How can we infer that the philosophers point of view & the recent historians point of view are similar from the phrase "it's an easy step away from their views to...". I thought that line served to demonstrate how the AUTHOR point of view disagreed with the historians point of view. I thought that line didn't relate to the historians and philosophers.

For this reason, I choice answer D because I thought they both had their own points of view on rhetorical power of scientists' since it's stated in line 4 "explain the acceptance ..... scientists' wield".

I also contemplated answer choice A, only because I didn't understand much of their point of views other than they were allies. I decided answer choice D was better than A.
I didn't like any of the remaining answers including the correct answer. :oops:

Can someone please indicate where my reasoning went wrong and how I can better interpret what the passage is saying in those lines???
Thanks
 Paul Marsh
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#80142
Hi GGiba! When we're Pre-Phrasing an answer to this kind of question, we want to look at all the relevant info in the passage. Certainly we look to the sentence cited in line 12, starting with "These historians...". That sentence tells us that the recent historians have some common threads with certain philosophers of science.

But we also look to the sentence after that, starting with "While these...". The phrase in that second sentence "would not be likely to have much truck with..." means something like, "they would not be likely to associate themselves with". That phrase indicates that there are some differences between the philosophers and the recent historians.

So after reading those couple sentences, our Pre-Phrase here would probably look something like, "Their views have some similarities but are still distinct from one another".

Answer Choice A we can toss out, because again the second sentence we looked at showed that there are differences between the two.

Answer Choice D assumes too much. For all Must be True RC questions, we want explicit support for our answer in the passage. While the recent historians subscribe to what D is saying, there is nothing in the passage that says that the philosophers of science emphasize the rhetorical power of scientists. And since we know from the second sentence we read that the philosophers and recent historians don't necessarily share all the same views, we can't just assume that the philosophers do in fact emphasize that.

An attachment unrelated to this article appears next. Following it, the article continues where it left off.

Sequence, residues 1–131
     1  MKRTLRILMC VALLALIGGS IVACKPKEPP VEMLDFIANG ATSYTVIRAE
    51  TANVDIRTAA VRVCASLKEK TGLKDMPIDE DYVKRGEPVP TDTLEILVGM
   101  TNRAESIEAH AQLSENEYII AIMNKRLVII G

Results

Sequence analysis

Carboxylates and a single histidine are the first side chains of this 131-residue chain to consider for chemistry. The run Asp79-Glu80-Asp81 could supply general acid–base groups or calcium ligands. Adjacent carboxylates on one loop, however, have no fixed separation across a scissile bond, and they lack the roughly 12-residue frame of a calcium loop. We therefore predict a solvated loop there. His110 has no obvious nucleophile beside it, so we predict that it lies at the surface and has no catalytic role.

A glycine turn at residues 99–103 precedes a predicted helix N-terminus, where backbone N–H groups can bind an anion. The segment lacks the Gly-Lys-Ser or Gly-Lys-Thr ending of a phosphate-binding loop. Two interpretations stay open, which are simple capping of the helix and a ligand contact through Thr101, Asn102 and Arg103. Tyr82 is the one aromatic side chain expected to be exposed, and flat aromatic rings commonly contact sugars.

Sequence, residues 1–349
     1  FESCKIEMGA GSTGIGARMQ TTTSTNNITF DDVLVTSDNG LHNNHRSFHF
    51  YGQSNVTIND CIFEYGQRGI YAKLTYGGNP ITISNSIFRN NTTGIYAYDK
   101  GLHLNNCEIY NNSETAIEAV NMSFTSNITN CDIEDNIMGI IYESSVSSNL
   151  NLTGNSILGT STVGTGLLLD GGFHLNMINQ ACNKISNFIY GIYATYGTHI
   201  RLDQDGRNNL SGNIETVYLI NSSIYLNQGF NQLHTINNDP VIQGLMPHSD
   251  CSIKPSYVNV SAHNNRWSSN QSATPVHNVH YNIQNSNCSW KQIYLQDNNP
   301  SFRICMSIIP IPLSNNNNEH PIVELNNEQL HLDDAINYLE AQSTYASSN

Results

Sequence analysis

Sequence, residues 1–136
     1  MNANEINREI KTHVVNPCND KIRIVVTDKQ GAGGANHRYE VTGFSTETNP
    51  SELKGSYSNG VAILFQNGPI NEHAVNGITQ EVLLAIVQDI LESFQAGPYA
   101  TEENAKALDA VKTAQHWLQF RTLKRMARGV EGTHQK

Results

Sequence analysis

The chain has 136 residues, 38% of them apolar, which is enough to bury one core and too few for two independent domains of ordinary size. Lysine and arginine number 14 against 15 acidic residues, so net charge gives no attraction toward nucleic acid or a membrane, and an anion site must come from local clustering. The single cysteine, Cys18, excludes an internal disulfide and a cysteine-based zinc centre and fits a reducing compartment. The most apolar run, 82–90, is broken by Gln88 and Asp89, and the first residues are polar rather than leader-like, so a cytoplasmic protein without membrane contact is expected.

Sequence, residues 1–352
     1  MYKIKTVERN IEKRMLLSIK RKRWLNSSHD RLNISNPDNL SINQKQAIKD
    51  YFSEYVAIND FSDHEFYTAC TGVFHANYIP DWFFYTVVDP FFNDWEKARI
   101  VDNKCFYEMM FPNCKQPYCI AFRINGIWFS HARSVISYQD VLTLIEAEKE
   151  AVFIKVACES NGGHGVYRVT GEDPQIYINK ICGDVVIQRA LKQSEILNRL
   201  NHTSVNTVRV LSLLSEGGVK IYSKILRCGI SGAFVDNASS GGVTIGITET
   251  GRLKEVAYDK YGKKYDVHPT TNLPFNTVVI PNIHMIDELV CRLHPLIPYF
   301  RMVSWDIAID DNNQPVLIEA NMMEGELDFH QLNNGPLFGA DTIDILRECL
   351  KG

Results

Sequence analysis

Answer Choice B, on the other hand, seems to match our Pre-Phrase pretty well. It points out that the two views have similarities, but never pretends that the views are identical. It's our best answer here.

Hope that helps!
 kenlars5
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#80426
Hi there,

I chose answer D, but after reading the explanations it makes sense why B is right. Just a question though, if D had said something like "Both views emphasize that scientific views are not imposed by reality" or something along the lines of scientific views not being objectively accurate reflections of the natural world, would it be right? Is D not right because we don't know what the philosophers of science think about "rhetorical power" of scientists?

Thanks! :)
 Jeremy Press
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#80464
Hi ken,

Yes, you're exactly right! The philosophers emphasize that scientific views are the "free inventions of creative minds" (rather than being imposed by objective reality). This emphasis on creativity and freedom is different from rhetorical power, which is really an emphasis on the authority scientists have to shape our perceptions.

Your proposed rewording is exactly right: it would have to center on how both sides reject an "objective" correspondence between scientific claims and the "real world."

Great job!